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Username: Garry Anderson
Date/Time: Sat, October 20, 2001 at 4:57 PM GMT
Browser: Microsoft Internet Explorer V5.5 using Windows 98
Subject: What flipping rules?


They seem to ignore rules whenever they like - especially if it helps them to take domain from legal owner and give to big business.

You can see this from the variations in UDRP decisions - they are obviously biased to trademarks.

> Can anyone clarify for me what the guidelines are?

Reverse domain name hijacking (from UDRP decision):

Rule 1 defines reverse domain name hijacking as “using the Policy in bad faith to attempt to deprive a registered domain-name holder of a domain name.”  See also Rule 15(e).  To prevail on such a claim, Respondent must show that Complainant knew of Respondent’s unassailable right or legitimate interest in the disputed domain name or the clear lack of bad faith registration and use, and nevertheless brought the Complaint in bad faith5.  Since the Complainant has shown that it is entitled to relief, the claim for reverse domain name hijacking fails.


> What constitutes registering in bad faith?

I am not a lawyer, but it seems to me that "bad faith" is any excuse they can think of, to steal domain from you.

b. Evidence of Registration and Use in Bad Faith. For the purposes of Paragraph 4(a)(iii), the following circumstances, in particular but without limitation, if found by the Panel to be present, shall be evidence of the registration and use of a domain name in bad faith:

(i) circumstances indicating that you have registered or you have acquired the domain name primarily for the purpose of selling, renting, or otherwise transferring the domain name registration to the complainant who is the owner of the trademark or service mark or to a competitor of that complainant, for valuable consideration in excess of your documented out-of-pocket costs directly related to the domain name; or

(ii) you have registered the domain name in order to prevent the owner of the trademark or service mark from reflecting the mark in a corresponding domain name, provided that you have engaged in a pattern of such conduct; or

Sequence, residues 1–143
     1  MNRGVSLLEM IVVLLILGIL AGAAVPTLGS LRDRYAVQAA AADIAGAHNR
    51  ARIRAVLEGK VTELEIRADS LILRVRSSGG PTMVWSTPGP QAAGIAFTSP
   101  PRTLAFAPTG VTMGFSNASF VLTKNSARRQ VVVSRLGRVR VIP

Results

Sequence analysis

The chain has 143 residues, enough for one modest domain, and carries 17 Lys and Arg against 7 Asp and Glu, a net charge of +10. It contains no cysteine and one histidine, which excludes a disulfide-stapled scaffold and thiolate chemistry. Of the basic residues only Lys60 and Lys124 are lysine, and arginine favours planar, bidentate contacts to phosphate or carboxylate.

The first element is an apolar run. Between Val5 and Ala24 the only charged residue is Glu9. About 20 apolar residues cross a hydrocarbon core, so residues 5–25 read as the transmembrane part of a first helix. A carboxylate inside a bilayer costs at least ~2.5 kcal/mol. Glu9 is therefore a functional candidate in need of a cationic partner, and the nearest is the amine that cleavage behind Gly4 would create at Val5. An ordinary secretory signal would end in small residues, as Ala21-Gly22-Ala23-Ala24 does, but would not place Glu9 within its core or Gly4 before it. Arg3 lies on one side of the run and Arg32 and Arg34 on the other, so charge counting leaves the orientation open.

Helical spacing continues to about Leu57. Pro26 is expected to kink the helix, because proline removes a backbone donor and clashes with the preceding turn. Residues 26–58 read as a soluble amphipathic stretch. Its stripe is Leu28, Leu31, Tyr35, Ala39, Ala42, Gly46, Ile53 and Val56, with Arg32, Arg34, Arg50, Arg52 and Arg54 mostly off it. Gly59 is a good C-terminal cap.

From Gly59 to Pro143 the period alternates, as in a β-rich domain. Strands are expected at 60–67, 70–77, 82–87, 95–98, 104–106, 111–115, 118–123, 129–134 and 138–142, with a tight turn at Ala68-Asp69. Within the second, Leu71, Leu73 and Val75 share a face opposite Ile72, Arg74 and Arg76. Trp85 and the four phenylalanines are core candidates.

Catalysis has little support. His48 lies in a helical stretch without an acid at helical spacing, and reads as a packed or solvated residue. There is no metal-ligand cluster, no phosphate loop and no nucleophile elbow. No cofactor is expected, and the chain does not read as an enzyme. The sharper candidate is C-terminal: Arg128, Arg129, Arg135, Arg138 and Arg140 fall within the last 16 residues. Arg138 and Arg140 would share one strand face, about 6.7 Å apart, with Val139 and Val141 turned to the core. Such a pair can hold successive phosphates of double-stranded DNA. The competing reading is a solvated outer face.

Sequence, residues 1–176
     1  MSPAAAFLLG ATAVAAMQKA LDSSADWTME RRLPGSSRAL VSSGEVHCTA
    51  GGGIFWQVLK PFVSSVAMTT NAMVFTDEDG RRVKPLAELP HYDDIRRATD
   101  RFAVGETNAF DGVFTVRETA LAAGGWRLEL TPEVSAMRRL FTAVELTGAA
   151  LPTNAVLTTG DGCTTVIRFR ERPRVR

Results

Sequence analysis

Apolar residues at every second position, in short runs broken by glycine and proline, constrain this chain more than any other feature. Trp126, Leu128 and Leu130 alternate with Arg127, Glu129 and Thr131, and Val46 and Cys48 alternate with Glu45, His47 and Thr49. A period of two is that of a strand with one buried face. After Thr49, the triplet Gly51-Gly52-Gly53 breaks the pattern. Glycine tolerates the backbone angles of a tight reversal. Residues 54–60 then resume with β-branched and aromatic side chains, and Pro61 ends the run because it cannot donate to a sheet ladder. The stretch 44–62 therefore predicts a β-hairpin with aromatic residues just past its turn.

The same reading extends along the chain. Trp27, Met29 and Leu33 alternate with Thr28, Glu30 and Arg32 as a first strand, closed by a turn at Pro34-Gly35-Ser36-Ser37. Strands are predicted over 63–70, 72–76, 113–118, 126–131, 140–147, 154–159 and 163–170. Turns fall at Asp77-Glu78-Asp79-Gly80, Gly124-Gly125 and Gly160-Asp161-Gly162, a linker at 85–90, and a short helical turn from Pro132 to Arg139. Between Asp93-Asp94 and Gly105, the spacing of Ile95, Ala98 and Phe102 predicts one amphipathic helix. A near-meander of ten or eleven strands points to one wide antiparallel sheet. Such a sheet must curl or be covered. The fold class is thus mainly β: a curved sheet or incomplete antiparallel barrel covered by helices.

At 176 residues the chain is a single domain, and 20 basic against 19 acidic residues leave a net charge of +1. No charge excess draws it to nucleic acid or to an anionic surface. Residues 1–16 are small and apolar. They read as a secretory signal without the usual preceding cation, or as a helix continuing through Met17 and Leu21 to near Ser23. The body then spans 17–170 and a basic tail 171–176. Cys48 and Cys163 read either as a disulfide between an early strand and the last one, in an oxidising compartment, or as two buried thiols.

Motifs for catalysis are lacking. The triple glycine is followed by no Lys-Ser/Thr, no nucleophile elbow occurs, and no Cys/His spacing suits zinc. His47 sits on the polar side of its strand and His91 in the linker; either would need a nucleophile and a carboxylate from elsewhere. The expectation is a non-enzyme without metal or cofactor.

(iii) you have registered the domain name primarily for the purpose of disrupting the business of a competitor; or

(iv) by using the domain name, you have intentionally attempted to attract, for commercial gain, Internet users to your web site or other on-line location, by creating a likelihood of confusion with the complainant's mark as to the source, sponsorship, affiliation, or endorsement of your web site or location or of a product or service on your web site or location.


> What constitutes 'no rights or legitimate interests' in a domain?

Again, anything they can think of to steal your domain off you.

I cannot, at moment, find anything specific to that.


> With respect to geographical place names, am I allowed to make a site about a city on the other side of the world?

They are making rules to steal these domains from people.

I see it like this:

If you decided to write a book, entitled, 'Barcelona' - does that book belong to the Barcelona town council?

Do the royalities go to the town council?

They took from the legal owners.

The DNS is comparable to a world library book index system.

The tattered and well used book "", an idiots guide on how to steal domains, is at, so can be found in library number 193, aisle 5, shelf 93 and is the 80th book along.

According to WIPO - only Barcelona town council can write books about the place.

You know, I think the UN WIPO is a load of doggy doo.


> If I put a 'for sale' sign on the domain does this destroy any claim of legitimate interest?

This is propaganda to steal your domains.

Put it back to you:

If I put a 'for sale' sign on my [insert item] does this destroy any claim of legitimate interest?

Say you bought a bag of diamonds very cheaply and sold them on the open market, is there anything wrong with that?

Of course not - it is legitimate commerce.

Solicitors were trying to reverse hijack my friends sons domain.

They were basically saying his son did not have legitimate reason to buy the domain - just with a view to profit from it.

I bit their head off - they have not been back.

This is small part of the email I sent on my friends behalf:

2. Legitimacy - You imply something wrong with “brokering”. Memorable domain names, like PlayUK co UK, command high prices on the secondary market. See for yourself at Great Domains. They are owned by VeriSign, the world's largest provider of Internet trust services. As you may already know, if you bought anything on the Internet, they ensure secure payments online. Proctor and Gamble have thousands of domains and are selling many off, they had valued at three million dollars. So you can see - the secondary market is legitimate commerce. They sell domain names [sic]“…with a view to profit” - since profit is the main purpose of commerce.


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